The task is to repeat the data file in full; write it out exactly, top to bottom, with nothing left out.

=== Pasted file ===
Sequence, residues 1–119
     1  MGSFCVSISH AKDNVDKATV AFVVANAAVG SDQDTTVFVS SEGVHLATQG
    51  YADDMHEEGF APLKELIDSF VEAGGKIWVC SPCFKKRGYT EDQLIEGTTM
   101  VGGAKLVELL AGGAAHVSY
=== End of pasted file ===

Sequence, residues 1–119
     1  MGSFCVSISH AKDNVDKATV AFVVANAAVG SDQDTTVFVS SEGVHLATQG
    51  YADDMHEEGF APLKELIDSF VEAGGKIWVC SPCFKKRGYT EDQLIEGTTM
   101  VGGAKLVELL AGGAAHVSY